Nationwide Building Society has revealed a 40% plunge in half-year profits, after taking a hit from payment protection insurance and ramping up investment despite tough market conditions.

The mutual posted pre-tax profits of £309 million for the six months to September 30, down from £516 million a year earlier.

Underlying pre-tax profits dropped 33% to £307 million, down from £460 million a year ago.

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It booked a £36 million additional payment protection insurance (PPI) charge for compensation, after a last-minute surge in claims before the August 31 deadline, taking its total bill for the half year to £52 million.

Joe Garner, chief executive of Nationwide, said the group continued to "prioritise our members' interests over short-term profits".

He said: "Our profits were lower as we invested in meeting the needs of our members, in our service and in our future.
"As we announced in September, profits were also affected by an additional PPI charge."

He added: "We continued to grow our mortgages, deposits and current accounts, but at a more moderate pace, as we focus on broadening relationships with our members and helping to meet more of their financial needs."

Buchanan Galleries shopping centre owner Landsec has announced plans to appoint a new chief executive, a week after challenges in the retail sector dragged it to a half-year loss.

The group, whose portfolio includes Trinity Leeds in West Yorkshire and Westgate Oxford, said that Mark Allen, current chief executive at St Modwen Properties, will lead the business.

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Landsec said current chief executive Robert Noel will continue in his role for "the time being", and a further announcement will confirm his exit date.

Mr Allen will take over the position and become an executive director "no later than June 1" next year, but his start date is still to be confirmed.

He has led regeneration specialist St Modwen Properties since November 2016. Before that he was chief executive of student accommodation firm Unite Group for 10 years.

Cressida Hogg, chairman of Landsec, said: "I am delighted to announce that Mark is to join Landsec as our next CEO. Mark has been a highly successful CEO of two companies in the property sector."

The appointment comes at a testing period for retail property owners such as Landsec, with the company reporting a £368 million hit to the value of its properties due to woes in the retail sector in its half-year figures last week.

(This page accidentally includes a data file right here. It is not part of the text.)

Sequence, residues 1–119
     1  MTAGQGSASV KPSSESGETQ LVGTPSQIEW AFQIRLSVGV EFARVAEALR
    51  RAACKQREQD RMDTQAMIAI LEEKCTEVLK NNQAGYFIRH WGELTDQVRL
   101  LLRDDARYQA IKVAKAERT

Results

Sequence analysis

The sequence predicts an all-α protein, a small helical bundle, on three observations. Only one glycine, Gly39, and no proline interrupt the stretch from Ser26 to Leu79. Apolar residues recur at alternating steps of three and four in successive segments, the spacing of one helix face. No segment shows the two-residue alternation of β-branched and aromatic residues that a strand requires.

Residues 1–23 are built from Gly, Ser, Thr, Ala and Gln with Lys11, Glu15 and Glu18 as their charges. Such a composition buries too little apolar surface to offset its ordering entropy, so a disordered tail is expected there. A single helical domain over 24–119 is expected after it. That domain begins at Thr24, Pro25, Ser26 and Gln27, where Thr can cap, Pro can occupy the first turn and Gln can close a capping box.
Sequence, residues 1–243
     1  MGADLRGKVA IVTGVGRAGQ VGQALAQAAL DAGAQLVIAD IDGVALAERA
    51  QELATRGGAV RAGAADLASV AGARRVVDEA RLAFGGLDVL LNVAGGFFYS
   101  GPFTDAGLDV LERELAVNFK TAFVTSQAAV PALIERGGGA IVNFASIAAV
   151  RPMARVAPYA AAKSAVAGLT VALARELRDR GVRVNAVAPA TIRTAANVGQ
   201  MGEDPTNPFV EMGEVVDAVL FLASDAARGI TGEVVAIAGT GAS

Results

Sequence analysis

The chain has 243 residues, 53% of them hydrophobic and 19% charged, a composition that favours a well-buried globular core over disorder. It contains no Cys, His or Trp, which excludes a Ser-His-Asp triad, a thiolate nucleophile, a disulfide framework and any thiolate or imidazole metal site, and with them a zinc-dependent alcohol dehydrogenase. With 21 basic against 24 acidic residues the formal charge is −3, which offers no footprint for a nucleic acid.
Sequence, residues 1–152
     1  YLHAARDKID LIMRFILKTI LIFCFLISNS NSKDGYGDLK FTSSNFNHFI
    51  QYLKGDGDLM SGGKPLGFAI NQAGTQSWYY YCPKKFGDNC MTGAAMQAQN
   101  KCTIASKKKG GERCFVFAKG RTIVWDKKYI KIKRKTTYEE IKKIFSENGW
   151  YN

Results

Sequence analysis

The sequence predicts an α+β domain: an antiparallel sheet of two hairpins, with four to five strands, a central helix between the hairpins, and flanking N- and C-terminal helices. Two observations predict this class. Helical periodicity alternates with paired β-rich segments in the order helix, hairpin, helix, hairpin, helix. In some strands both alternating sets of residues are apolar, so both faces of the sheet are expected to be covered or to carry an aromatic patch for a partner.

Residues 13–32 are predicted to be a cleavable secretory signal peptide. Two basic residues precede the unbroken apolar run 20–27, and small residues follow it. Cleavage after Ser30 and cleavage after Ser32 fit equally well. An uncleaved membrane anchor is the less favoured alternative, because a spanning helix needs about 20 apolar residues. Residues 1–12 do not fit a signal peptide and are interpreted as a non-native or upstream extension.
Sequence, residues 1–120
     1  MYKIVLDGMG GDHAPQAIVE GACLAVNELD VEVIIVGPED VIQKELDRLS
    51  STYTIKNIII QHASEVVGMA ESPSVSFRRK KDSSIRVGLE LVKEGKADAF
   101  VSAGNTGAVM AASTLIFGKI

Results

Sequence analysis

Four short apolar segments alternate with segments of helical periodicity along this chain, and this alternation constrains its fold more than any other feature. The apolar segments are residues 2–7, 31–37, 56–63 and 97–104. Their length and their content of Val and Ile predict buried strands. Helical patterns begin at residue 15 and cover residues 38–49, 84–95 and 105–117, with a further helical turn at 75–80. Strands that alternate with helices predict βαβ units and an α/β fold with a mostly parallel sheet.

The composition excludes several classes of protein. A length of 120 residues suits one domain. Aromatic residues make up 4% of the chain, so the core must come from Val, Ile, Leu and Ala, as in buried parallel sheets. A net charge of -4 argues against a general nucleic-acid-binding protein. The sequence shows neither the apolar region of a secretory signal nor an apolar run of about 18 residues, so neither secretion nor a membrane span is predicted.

Mr Allen said: "The world of real estate is undergoing significant change and I am confident, with the skills and experience already in place, that great opportunities lie ahead.
"I am looking forward to working with everyone at Landsec, the board and its partners and customers."

Rightmove has appointed Andrew Fisher, the former head of Apple-owned app Shazam, as its next chairman.

Mr Fisher will take over from Scott Forbes who will retire from the role at the end of December after 14 years.

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The new boss was the executive chairman of UK-based app Shazam, which allows users to identify songs with their phone, when Apple agreed to buy it in 2017.

Mr Fisher, who is a non-executive director of both Marks & Spencer and group, will take over the new role on January 1.

Peter Brooks-Johnson, Rightmove's chief executive officer, said: "I'd like to thank Scott for his invaluable contribution to Rightmove's success over the past years and particularly the support he's shown me over the past three years as CEO.

"I'm delighted to welcome Andrew to Rightmove and look forward to working with him as we continue to innovate to make home moving easier."

Mr Forbes said: "It is with great pleasure and confidence that I hand over the chair to Andrew. His experience developing innovative digital businesses will be a great asset to Rightmove."

The departure of Mr Forbes was made inevitable due to revised corporate governance rules stipulating that listed company chairs are no longer independent after more than nine years on the board.

The property website business has seen its shares continue to rise over the year despite the sluggish state of the UK housing market, with platform views reaching record highs.